GIMP, transparency and PowerPoint

This is just something I worked out how to do recently. It’s simple and I think looks quite good.

Let’s say I’m putting together a PowerPoint presentation because I have to. I want to show an example of a document I have put together, a sort of sheaf of pages or screens.

I open GIMP and create a new image that is big enough in pixels to contain everything I want.

File → New

Then I open the images I want to combine into the one image. I’m going to use this and this, or something very similar.

I open them in GIMP as layers into my empty image.

Open → Open as Layers

Then in the new now-not-blank image, Layer → Scale Layer and enter the desired height.

Repeat with the second image, using the same height (in this case).

Position as desired.

(Now, this helps:

Edit → Preferences → Tool Options → Set Layer or Path as active (https://ubuntuforums.org/showthread.php?t=1656588))

Could rotate etc, but not for now.

Layer  Transparency → Add Alpha Channel

Now, there are a few ways to make the background transparent. In this case, I can just go:

Layer  Transparency → Color to Alpha

And I get a screen like this:

Screenshot

The Color to Alpha dialogue

If I click on the eyedropper beside the ‘Color’ box (the one currently showing a white rectangle) I can then click on the black of the background to get this:

Screenshot

Showing the transparent regions as chequerboard patterns.

Note the colour rectangle has turned black and the black background is now denoted as transparent/Alpha by the pattern.

I can then export to png, say, to get a graphic with transparency. But, the Color to Alpha option has a problem. In this case, I have other layers in front of the background. But let’s imagine you had a single layer and wanted to make a red border transparent. If you make all the red transparent, that will include the red component of compound colours, like orange. So any colour that has a red component will be changed. I can illustrate this by flattening this image, so it is a single layer, then repeating the process.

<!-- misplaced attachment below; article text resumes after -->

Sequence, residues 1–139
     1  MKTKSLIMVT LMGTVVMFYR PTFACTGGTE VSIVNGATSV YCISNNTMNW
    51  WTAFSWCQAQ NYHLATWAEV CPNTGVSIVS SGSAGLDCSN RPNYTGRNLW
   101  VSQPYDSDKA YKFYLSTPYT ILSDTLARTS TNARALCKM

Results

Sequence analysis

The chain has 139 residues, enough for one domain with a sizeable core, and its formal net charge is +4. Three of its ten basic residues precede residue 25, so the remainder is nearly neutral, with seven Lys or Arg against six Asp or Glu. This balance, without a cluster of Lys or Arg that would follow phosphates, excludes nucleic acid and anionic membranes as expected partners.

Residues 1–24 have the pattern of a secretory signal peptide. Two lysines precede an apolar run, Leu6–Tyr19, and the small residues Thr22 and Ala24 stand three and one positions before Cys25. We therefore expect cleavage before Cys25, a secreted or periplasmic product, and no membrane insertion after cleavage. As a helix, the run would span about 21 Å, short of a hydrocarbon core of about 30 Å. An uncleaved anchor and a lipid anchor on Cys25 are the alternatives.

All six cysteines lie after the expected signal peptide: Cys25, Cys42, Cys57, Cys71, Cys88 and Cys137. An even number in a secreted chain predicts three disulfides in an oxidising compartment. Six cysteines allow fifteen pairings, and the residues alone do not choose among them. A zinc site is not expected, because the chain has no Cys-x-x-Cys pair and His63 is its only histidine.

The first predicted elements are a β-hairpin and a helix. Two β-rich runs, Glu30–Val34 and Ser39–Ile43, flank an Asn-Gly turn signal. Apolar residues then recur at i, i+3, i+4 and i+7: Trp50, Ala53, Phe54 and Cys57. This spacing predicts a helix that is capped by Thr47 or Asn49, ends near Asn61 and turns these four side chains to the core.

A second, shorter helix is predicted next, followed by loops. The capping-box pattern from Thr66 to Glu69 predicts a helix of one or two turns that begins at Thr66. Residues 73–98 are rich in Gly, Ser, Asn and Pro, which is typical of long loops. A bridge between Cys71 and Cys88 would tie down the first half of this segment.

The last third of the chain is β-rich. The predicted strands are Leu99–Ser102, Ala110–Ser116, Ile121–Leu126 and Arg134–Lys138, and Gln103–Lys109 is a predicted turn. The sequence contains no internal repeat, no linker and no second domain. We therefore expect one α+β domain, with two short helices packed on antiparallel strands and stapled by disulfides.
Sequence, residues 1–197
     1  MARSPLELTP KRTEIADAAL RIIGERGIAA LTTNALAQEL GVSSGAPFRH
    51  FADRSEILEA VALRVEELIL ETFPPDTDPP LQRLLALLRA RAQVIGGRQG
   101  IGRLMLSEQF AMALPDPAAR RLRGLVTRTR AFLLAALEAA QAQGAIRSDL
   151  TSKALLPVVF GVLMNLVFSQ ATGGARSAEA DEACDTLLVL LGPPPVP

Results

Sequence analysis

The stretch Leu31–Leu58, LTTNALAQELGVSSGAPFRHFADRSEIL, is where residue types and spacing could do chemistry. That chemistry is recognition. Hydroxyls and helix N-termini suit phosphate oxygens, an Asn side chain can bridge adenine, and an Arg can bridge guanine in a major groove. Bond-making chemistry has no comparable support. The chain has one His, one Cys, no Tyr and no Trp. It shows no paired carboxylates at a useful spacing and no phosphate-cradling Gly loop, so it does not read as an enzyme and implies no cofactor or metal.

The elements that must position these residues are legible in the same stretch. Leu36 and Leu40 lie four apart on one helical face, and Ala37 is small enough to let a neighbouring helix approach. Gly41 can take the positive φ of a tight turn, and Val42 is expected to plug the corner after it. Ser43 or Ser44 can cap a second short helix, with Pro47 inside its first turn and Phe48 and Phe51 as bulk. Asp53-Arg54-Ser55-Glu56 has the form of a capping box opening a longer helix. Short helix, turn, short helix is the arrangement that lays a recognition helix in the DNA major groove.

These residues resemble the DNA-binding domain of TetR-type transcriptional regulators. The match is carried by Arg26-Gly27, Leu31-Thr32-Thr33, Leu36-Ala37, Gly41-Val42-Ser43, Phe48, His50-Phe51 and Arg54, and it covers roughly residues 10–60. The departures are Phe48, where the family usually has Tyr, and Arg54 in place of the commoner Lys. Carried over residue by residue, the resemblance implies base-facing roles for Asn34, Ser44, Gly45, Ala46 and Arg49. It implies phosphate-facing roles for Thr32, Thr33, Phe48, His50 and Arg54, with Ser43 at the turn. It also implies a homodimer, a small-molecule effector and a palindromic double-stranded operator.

Image  Flatten Image

Then do the same as above — add an Alpha channel and then make black into Alpha. My screenshot now looks like this:

Screenshot, showing that making black transparent has removed blacks from the images and changed their colours.

When I flatten first.

The blacks have been made transparent everywhere, so the darknesses of all the tones have changed — not what I wanted. Instead, I need to use the fuzzy select tool. After adding the Alpha channel, I can do this:

Tools → Selection Tools → Fuzzy Select

Then I click on a visible bit of the background. Then hit Delete. That should select the background and then delete it, leaving only the transparent Alpha channel. Here’s the screenshot — looks OK.

Screenshot -- looks good.

The image after using the Fuzzy Select tool.

And now I have what I want. In this case, I may as well keep the image with the layers, since that allows more flexible editing at a later date, but this Fuzzy Select business is useful if the image is a single layer, say a bitmap that cannot easily be separated into layers. The fuzzy select is clever, but may not always highlight exactly what is wanted, especially if colours blend into each other. YMMV.

Anyway, once the transparency is as desired, I can Export as a png. I just use the defaults. Now, Here is the resulting png on a very simple page in PowerPoint. I have used PPT options to add shadows to bottom and right; note that PPT is clever enough to only shadow the non-transparent bits of the image. Maybe you take that for granted. I, in my ignorance, was quite pleased.

Screenshot.

PPT only puts shadows behind non-transparent pixels.

Transparency lets images overlap more naturally, lets your slide background and theme show through more regularly, and generally gives a more professional appearance since you can get away from that look of simply having a bunch of rectangles.

 

FWIW

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About Darren

I'm a scientist by training, based in Australia.

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